Sunday, July 12, 2015

A Letter To My Loved Ones After I'm Dead

I'm sorry I couldn't be here forever for you. But that's not how life works.  If my death is recent, many people will likely tell you that I'm "in a better place now". Some smug assholes will probably say I'm in hell for my rational beliefs. Both these assertions would be upsetting to me, as I'm sure they might be for you. Try to remember that those people (even the assholes) think they're doing the right thing.

I would like to discuss life after death from my perspective. You might be surprised to learn that both my consciousness and body will live on through purely naturalistic means. Lights out at death is far too trite of a description compared to the reality of what happens in death. What's more, I can point to specific evidence to support these claims.

Immortality of the atheist mind

I used to live only in my brain, but through our friendship, You built a little copy of me in yours.
(PET Scan from Wikimedia Commons)
I have good news for you which doesn't require supernatural beliefs. I still exist in a way that's very real. As one of the people who knew me best, I live on in you. This probably seems trite at first, but I'm quite sincere. Please let me explain.

Your memories and knowledge of my personality and values are such a reliable copy of me that you can imagine interactions with me, playing out imagined conversations we've never had as though they were really happening [1]. Of course I'm not really continuing to live in some nebulous "spirit realm". The fact is that our human ability to develop a mental model of other people is a very successful evolved trait. The model we develop of close friends is such a good approximation that many people (especially theists) are prone to believe it's the real thing. Maybe that's where this "afterlife" nonsense originated.

So I'm asking you to use your mental model of me. Imagine conversations with me and don't feel ashamed or embarrassed about it. Even though I'm gone, I live on in you. I know it's not exactly me, but at this point in time, there is no closer approximation. There's no shame in summoning my "ghost" for a conversation whenever it would help you. I wouldn't be bothered, but proud. In fact, It's the closest thing I will ever get to immortality. I trust that your model of me will be faithful to my true personality, and I hope it's useful to you.

While this "virtual me" won't be able to help you solve linear algebra problems, it will be there to listen to your thoughts and fears, and even give the same kind of advice I might have given if I had been able to. I sincerely wish I could. It's not exactly my mind, but it's close. This is the immortality of the atheist mind.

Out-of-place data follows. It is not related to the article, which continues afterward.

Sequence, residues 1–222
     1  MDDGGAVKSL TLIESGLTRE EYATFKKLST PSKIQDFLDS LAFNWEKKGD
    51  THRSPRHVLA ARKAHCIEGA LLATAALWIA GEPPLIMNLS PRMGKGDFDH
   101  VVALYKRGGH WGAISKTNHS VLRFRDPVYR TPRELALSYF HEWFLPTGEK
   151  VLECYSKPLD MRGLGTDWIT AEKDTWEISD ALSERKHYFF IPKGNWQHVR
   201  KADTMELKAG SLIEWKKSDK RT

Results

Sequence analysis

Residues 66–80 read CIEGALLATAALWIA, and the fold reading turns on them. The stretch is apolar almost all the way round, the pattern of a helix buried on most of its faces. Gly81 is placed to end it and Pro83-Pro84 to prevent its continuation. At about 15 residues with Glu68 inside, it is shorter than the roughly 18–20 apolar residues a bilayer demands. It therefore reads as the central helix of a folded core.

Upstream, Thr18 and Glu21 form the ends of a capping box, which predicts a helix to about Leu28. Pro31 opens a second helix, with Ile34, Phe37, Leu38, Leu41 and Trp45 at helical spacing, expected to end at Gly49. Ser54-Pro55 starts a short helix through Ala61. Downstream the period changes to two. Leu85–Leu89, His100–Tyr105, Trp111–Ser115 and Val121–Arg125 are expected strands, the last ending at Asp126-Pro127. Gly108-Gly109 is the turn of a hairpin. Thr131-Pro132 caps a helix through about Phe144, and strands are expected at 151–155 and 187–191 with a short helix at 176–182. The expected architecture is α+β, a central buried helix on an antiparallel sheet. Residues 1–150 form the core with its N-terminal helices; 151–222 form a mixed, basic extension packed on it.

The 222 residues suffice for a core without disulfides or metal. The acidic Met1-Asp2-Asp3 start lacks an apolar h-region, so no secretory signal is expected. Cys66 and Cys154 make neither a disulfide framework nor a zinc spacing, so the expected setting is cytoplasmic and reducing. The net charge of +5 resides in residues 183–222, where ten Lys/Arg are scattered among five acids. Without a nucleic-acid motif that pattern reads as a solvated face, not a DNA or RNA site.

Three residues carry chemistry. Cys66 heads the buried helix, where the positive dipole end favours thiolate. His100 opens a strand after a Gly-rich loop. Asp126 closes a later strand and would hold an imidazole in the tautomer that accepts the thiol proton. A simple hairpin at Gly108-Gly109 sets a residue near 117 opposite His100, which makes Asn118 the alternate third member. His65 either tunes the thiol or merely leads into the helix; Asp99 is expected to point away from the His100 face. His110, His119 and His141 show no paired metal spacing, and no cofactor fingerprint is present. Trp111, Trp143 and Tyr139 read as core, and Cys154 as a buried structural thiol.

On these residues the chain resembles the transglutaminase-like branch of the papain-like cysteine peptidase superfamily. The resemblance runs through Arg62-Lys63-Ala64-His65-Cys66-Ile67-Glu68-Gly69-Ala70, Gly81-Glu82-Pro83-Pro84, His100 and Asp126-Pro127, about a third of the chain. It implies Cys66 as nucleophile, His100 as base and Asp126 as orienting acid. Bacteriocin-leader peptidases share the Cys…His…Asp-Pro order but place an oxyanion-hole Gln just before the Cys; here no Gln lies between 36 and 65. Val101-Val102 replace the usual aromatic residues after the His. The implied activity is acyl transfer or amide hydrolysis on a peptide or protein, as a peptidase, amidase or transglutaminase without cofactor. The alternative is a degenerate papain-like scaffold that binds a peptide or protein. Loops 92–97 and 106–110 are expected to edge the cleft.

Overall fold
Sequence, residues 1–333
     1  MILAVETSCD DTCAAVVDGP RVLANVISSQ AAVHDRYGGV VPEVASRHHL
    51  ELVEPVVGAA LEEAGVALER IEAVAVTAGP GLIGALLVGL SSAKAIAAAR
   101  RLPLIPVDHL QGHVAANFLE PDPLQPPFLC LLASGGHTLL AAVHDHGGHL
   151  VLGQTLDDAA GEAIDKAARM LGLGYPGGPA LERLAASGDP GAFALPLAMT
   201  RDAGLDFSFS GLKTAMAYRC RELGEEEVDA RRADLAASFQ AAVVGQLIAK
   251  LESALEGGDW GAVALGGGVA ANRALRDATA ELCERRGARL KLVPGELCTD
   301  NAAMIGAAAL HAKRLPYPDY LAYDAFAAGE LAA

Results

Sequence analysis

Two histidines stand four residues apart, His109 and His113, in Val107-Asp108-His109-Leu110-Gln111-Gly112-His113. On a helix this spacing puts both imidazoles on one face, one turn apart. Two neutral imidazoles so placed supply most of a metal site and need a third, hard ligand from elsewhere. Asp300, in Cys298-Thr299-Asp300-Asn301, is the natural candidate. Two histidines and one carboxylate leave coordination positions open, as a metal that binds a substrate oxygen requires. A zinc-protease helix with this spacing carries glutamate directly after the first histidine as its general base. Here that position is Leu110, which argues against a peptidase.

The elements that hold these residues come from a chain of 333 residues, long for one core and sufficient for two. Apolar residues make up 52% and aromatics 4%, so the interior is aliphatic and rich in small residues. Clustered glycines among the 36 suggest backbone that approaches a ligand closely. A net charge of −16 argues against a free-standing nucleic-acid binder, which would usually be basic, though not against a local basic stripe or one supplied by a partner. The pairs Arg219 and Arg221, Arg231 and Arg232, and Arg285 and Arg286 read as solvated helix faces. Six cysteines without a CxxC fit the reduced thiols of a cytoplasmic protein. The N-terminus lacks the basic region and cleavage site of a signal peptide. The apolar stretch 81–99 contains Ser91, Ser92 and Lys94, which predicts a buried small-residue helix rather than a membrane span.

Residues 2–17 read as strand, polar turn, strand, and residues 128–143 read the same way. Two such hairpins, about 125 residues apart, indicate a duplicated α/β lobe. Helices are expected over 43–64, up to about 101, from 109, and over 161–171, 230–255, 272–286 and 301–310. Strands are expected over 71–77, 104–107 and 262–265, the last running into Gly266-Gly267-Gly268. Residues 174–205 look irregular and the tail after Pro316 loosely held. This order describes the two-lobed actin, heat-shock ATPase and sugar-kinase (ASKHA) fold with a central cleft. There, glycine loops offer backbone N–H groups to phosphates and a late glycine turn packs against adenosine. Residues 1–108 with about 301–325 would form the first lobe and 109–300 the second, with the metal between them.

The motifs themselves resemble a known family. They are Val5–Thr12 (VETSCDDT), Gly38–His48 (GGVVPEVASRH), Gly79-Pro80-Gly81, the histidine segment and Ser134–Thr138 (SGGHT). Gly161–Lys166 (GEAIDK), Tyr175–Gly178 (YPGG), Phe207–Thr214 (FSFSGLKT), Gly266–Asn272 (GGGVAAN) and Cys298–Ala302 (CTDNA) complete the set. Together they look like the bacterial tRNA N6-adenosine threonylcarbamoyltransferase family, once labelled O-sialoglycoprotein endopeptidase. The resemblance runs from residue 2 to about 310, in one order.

But what of my body? 

With any luck, I will have lived a long and joyous life. My body was hopefully pretty worn out by age. Both the heaven and the hell camp will tell you that I'll get a new body. The former to enjoy my eternal life. The latter so I can be mercilessly tortured for eternity. Both are pretty absurd, don't you think?

One like this is just fine. Don't even splurge on poplar. It's just going to decay! Honestly, it's just a convenient way to lug my dead ass around. 
I'd like a natural burial. Make something natural and beautiful from my body.  A tree, not a cement vault. Don't waste formaldehyde or expensive coffins on me.  A pine box will do just fine (Just don't put a fucking cross on it!). You can even make it yourself. Do it as a Boy Scouts project. Shouldn't be more than $500 in lumber from the hardware store. If you want to wait to have the funeral service when more family can attend, just put my corpse on dry-ice or have me refrigerated commercially. I won't mind. I'm not using it anymore.

Once I'm back in the ground from which my molecules came, you can come visit the nature that takes hold of my nutrients and reuses them. We did this as a family with our dog, Barley in 2014. The tree we planted on his grave was a present and beautiful reminder of his life. Keep me close if you wish or put me in a natural cemetery if you prefer. You could even donate it to forensic science [2].

Don't feel like you have to obey my wishes. Simply honor my memory for your own gratification. I'm done with these molecules.  I was just borrowing them from nature for a while, and I trust you to chose a fitting method to return it to nature. At this point, my corpse is nothing more than a token of my life to help you remember me. I'm done with it. It's yours.

Regardless of your choice, I take comfort in the knowledge that the molecules that once formed my body will eventually rejoin the web of life on earth. That is the immortality of an atheist's body.

End Notes

  1. Some "religious" or "spiritual" people misattribute our capability for accurate imagined conversations to an ability to legitimately communicate with a living spirit of someone who has died. I wonder if such an attribution wasn't a contributing factor to the mythology surrounding "souls". This is the sort of unfounded model of the world that I found irritating. So I suppose like all good myths and legends, there's a kernel of truth near the bottom. 
  2. I could help detectives learn to identify the age of bodies discovered under various conditions. That'd be kinda' cool. Maybe my body could help solve a murder. 

No comments :

Post a Comment